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In the aftermath of hurricane and flooding damage from storms, opportunities exist for surveyors to be part of the planning, mapping, recovery, and construction. Locations are everywhere the water touched, and even higher in the watershed, as cumulative effects of non-disaster-related development sends runoff rushing downhill to the floodplains.
One of our most important jobs is to guide and inform our clients. This does not mean that surveyors must be intimately familiar with every single nook and cranny of floodplain regulation and management. Instead, having a good general understanding of how the National Flood Insurance Program (NFIP) functions and the reasons behind why it functions as it does helps us to better serve our clients. Finding a specialty somewhere within the broad realm of floodplain management adds to the value of what we can offer, creating demand for our services while improving our ledgers. Remember that knowing where information can be found even if we don’t have it ourselves has much value.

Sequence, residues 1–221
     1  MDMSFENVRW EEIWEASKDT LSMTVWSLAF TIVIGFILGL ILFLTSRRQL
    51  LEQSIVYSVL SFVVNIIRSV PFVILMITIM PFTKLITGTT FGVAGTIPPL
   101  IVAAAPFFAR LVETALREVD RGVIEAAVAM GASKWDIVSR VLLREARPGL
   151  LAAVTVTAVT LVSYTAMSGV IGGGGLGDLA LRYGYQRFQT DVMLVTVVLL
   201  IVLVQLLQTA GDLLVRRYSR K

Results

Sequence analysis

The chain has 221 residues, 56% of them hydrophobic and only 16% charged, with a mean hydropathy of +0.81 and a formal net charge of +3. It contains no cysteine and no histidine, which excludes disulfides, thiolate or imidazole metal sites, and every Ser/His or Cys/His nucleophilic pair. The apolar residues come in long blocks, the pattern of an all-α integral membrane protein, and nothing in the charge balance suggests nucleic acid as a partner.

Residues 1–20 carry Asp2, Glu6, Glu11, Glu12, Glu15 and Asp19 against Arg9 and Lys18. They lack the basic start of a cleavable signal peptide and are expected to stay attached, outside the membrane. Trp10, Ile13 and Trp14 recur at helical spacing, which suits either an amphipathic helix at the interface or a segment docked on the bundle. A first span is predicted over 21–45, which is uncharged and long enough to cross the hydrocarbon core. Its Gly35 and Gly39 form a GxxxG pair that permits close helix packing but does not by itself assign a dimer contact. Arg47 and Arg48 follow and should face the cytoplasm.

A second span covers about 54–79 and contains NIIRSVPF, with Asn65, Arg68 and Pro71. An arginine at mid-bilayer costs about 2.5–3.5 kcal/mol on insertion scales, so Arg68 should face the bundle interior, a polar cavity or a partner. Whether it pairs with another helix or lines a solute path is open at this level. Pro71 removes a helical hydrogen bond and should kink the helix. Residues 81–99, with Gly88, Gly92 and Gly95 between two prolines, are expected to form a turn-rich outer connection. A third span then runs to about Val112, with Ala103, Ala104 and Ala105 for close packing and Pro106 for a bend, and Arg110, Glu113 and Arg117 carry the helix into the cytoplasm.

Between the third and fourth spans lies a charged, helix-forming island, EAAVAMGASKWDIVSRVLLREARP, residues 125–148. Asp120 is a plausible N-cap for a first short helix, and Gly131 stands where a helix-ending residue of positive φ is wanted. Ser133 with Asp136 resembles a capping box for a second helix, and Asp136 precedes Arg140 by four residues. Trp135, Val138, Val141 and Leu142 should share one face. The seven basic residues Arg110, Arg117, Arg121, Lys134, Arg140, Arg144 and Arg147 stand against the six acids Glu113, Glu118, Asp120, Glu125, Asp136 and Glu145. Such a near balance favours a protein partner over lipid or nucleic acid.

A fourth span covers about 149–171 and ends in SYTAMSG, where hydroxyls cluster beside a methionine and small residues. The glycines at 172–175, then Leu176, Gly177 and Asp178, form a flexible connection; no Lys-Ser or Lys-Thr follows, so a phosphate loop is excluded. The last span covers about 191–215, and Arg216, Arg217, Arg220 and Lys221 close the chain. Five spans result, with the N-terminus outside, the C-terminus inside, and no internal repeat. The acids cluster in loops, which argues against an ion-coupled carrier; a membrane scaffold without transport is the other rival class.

Every job we do in relation to floodplains amounts to consulting. Clients expect us to sort out what it is that they mean to ask us for (but don’t) from their often less than clear descriptions of needs and ideas and designs. This requires a thorough understanding of minimum land use regulations according to 44 CFR 60.3. This essential set of rules is the basis for all local floodplain regulation, being the minimum for participation in the NFIP and the benefits associated with that participation (technical assistance, disaster and mitigation assistance, reduced insurance rates in Community Rating System member communities).
How does knowing these rules increase our value to clients? A few examples:
A 1.630Mb PDF of this article as it appeared in the magazine—complete with images—is available by clicking HERE